Clearly describe rubbish collection dates and recycling policy to guests
If you are the freeholder or building manager, you should…
Ensure you meet all health and safety legal requirements
Proactively ensure that property owners meet all their legal obligations by maintaining a register of properties engaging in Short-term Letting within the building
Develop or adopt a protocol that sets out clear guidelines for hosts to follow (See the STAA best practice building protocol which we recommend as the standard)
Report any known unlawful letting to Westminster Council
Pursue any clear breach of lease where known, while keeping in mind that any legal fees must be in the interest of all leaseholders to spend common funds.
Why these guidelines are so important
Housing is in short supply in Westminster and therefore taking properties off the long-let market solely to let to tourists or business travellers all year round, has an impact on our overall housing availability for local people.
Neighbours and the community affected by irresponsible short-lets also report that they can be exposed to:
poor waste management
reduced sense of community and security from high turnover of guests at all times of the day and night
targeted abuse when trying to address issues, such as noise, directly with guests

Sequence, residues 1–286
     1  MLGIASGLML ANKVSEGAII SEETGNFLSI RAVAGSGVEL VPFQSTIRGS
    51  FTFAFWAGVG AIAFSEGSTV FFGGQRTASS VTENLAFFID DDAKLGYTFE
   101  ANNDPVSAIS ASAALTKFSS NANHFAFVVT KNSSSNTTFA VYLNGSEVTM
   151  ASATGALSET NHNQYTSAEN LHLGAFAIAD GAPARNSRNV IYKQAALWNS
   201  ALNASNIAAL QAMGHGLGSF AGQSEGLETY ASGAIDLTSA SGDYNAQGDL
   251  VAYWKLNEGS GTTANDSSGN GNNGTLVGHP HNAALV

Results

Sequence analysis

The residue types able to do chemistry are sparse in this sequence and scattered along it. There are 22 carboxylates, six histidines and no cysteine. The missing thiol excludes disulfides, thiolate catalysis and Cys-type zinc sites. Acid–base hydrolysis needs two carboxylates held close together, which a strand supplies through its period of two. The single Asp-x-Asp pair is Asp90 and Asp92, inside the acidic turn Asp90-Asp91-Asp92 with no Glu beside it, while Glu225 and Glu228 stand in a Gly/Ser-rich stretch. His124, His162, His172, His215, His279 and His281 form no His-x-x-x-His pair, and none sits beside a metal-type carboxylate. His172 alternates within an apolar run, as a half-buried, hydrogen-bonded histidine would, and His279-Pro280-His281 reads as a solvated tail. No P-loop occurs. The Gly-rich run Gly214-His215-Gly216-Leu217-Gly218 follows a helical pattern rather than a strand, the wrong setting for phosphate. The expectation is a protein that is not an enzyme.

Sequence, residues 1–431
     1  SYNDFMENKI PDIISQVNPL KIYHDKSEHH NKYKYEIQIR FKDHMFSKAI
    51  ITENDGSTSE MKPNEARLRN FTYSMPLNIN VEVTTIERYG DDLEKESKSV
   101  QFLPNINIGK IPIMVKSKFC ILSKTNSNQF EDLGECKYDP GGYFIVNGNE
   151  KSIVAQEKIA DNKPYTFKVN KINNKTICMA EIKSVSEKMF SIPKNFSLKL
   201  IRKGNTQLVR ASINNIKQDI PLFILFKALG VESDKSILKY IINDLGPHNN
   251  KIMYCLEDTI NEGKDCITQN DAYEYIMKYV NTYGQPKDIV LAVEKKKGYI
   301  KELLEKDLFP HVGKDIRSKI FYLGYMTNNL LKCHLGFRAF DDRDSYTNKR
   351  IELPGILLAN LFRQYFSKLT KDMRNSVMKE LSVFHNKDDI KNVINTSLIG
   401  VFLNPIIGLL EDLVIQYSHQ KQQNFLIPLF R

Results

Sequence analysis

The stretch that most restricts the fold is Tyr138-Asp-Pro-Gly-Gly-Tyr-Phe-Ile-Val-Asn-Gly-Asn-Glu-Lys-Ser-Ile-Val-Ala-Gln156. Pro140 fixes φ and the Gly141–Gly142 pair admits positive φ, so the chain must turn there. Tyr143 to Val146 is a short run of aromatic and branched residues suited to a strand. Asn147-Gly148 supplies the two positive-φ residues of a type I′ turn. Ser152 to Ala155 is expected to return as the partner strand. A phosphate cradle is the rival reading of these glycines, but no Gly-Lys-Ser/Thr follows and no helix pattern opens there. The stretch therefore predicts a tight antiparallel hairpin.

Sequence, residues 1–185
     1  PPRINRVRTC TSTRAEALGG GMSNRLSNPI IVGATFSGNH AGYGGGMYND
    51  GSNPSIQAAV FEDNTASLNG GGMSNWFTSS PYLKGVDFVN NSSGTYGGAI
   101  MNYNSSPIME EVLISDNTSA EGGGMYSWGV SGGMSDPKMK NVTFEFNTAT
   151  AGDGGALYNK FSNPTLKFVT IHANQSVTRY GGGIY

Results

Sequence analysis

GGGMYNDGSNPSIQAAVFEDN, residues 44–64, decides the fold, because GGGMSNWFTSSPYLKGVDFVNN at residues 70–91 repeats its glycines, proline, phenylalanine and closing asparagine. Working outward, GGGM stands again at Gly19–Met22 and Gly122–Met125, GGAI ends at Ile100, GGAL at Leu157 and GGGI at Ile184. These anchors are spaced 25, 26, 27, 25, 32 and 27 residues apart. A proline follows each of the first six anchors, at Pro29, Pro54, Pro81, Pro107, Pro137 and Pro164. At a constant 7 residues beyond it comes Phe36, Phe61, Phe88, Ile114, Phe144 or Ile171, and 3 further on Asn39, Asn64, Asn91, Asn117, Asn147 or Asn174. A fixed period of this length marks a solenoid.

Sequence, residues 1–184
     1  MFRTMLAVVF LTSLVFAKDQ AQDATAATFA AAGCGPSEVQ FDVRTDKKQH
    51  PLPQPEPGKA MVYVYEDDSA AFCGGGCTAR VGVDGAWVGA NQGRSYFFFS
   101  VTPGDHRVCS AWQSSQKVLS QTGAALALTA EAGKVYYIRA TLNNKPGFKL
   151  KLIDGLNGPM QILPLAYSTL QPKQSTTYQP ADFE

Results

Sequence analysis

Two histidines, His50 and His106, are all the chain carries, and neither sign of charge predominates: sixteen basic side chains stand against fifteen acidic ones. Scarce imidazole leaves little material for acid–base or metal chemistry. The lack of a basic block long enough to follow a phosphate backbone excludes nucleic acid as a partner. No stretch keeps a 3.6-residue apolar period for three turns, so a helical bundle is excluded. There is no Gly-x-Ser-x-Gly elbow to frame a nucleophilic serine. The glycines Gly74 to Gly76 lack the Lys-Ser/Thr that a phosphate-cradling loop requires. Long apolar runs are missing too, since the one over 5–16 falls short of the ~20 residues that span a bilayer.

repeated requests from guests for access to the building through intercoms
fire risks through suitcases blocking entrances and doorways
sleep deprivation from homes being used as ‘party venues’
When properly managed short-lets will avoid this impact and also bring positive benefits such as:
an affordable and comfortable stay for guests
bringing income to local businesses
additional income for homeowners
If you are looking to let your home on a short-term basis, it is easy to assume that what is good enough for you as the homeowner is good enough for your guests. However, there are important steps which you must think through in order to check you have permission to share your home.
Who can let their home?
You are only able to let out your home and ‘host’ if:
You are the property owner and eligible to pay the council tax
You are the tenant who is eligible to pay the council tax and has the permission of the property owner
You are a leaseholder whose lease does not expressly forbid this activity
You are the managing agent acting on behalf of the property owner who pays the council tax
You are not the council tax payer but have been granted planning permission to do so
You will also need to notify or request permission from the following depending on the terms of your agreements:
Your freeholder if you are a leaseholder